The church of St. Euphemianos is a very small, single-dome, stone building and its interior is decorated with frescoes dating back to the 13th and 14th centuries. The inscription on the bottom of the arch indicates that the temple was dedicated by Lavrentios, monk and abbot of St. Andronikos Monastery. Technically, the Church of St. Euphemianos is a chapel, due to its diminutive size and the fact that it was not the main church of Lysi, there was no priest assigned to it, and services were only held there on special occasions.
The dome of the church is decorated with a fresco showing Christ Pantocrator, the 'All sovereign'. Surrounding the figure of Christ is a double row of angels moving towards the Hetoimasia or empty throne prepared by God the Father for the Second Coming of Christ. The throne is guarded by the Archangel Michael and Archangel Gabriel and two seraphim. The Virgin Mary leads one line of angels to the throne, while John the Baptist leads the other. In the apse, the Virgin is depicted as flanked by the two archangels with a medallion on her breast of the infant Christ, symbolizing the Incarnation of Christ.
The frescoes within the church were maintained in good condition and in 1972 maintenance was undertaken by the Department of Antiquities of Cyprus. Following the 1974 Turkish invasion the frescos were removed, sometime between 1974 and the spring of 1983. The dome fresco with Christ Pantokrator and an apse depicting the Virgin Mary were cut into 38 pieces, and shipped to Germany by Aydın Dikmen, the Turkish art dealer and notorious smuggler, who claimed they originated from an abandoned church in southern Turkey, and prepared to sell them into the European art market. The Department of Antiquities of Cyprus was able to show that the murals were forcibly removed from the church of St. Euphemianos and following lengthy negotiations, it was agreed that ownership of the murals belongs to the Orthodox Church of Cyprus. The 38 fresco fragments were bought by the Houston-based Menil Foundation on behalf of the Greek Orthodox Church of Cyprus, the rightful owner of the frescoes. The Menil Foundation then funded a careful restoration of the paintings.References:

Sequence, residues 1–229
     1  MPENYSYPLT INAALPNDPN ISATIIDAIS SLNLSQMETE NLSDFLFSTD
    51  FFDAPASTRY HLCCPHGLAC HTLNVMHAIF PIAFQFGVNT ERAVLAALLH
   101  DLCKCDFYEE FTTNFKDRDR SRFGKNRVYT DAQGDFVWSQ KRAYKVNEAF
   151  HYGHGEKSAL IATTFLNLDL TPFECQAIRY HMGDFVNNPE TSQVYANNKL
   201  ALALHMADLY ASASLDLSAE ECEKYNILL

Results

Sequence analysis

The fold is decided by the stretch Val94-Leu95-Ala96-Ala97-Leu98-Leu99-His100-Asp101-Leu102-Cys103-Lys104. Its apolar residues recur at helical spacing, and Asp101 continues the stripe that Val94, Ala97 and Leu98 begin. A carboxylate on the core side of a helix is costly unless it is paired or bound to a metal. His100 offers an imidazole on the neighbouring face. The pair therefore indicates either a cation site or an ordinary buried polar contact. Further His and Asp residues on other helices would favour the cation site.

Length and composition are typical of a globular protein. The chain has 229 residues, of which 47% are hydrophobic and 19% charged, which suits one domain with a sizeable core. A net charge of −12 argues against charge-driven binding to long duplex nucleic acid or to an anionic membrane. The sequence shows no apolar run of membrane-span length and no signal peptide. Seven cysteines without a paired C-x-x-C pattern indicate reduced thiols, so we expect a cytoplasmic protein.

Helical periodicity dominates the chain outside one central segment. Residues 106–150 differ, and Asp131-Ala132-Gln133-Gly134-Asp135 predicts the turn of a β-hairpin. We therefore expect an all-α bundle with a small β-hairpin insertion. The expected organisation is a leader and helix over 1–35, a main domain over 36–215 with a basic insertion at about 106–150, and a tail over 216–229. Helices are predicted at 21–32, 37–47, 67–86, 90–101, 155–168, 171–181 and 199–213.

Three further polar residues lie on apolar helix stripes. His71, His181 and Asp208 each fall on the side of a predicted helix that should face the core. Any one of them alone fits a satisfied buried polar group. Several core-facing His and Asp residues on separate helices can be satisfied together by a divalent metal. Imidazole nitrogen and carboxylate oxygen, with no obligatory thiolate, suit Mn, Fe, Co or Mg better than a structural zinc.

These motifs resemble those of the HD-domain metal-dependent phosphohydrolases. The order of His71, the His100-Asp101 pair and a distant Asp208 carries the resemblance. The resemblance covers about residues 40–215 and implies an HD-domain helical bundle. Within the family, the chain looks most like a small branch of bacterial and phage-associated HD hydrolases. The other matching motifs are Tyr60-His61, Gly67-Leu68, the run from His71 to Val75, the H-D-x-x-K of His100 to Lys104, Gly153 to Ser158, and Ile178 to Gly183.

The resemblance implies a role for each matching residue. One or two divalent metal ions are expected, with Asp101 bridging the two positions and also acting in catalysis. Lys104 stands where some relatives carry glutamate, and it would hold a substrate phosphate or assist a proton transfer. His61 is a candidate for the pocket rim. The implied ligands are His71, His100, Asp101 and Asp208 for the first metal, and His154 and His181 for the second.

Royal Palace of Naples was one of the four residences near Naples used by the Bourbon Kings during their rule of the Kingdom of the Two Sicilies (1734-1860): the others were the palaces of Caserta, Capodimonte overlooking Naples, and the third Portici, on the slopes of Vesuvius.
Construction on the present building was begun in the 17th century by the architect Domenico Fontana. Intended to house the King Philip III of Spain on a visit never fulfilled to this part of his kingdom, instead it initially housed the Viceroy Fernando Ruiz de Castro, count of Lemos. By 1616, the facade had been completed, and by 1620, the interior was frescoed by Battistello Caracciolo, Giovanni Balducci, and Belisario Corenzio. The decoration of the Royal Chapel of Assumption was not completed until 1644 by Antonio Picchiatti.
In 1734, with the arrival of Charles III of Spain to Naples, the palace became the royal residence of the Bourbons. On the occasion of his marriage to Maria Amalia of Saxony in 1738, Francesco De Mura and Domenico Antonio Vaccaro helped remodel the interior. Further modernization took place under Ferdinand I of the Two Sicilies. In 1768, on the occasion of his marriage to Maria Carolina of Austria, under the direction of Ferdinando Fuga, the great hall was rebuilt and the court theater added. During the second half of the 18th century, a 'new wing' was added, which in 1927 became the Vittorio Emanuele III National Library. By the 18th century, the royal residence was moved to Reggia of Caserta, as that inland town was more defensible from naval assault, as well as more distant from the often-rebellious populace of Naples.
During the Napoleonic occupation the palace was enriched by Joachim Murat and his wife, Caroline Bonaparte, with Neoclassic decorations and furnishings. However, a fire in 1837 damaged many rooms, and required restoration from 1838 to 1858 under the direction of Gaetano Genovese. Further additions of a Party Wing and a Belvedere were made in this period. At the corner of the palace with San Carlo Theatre, a new facade was created that obscured the viceroyal palace of Pedro de Toledo.
In 1922, it was decided to transfer here the contents of the National Library. The transfer of library collections was made by 1925.
The library suffered from bombing during World War II and the subsequent military occupation of the building caused serious damage. Today, the palace and adjacent grounds house the famous Teatro San Carlo, the smaller Teatrino di Corte (recently restored), the Biblioteca Nazionale Vittorio Emanuele III, a museum, and offices, including those of the regional tourist board.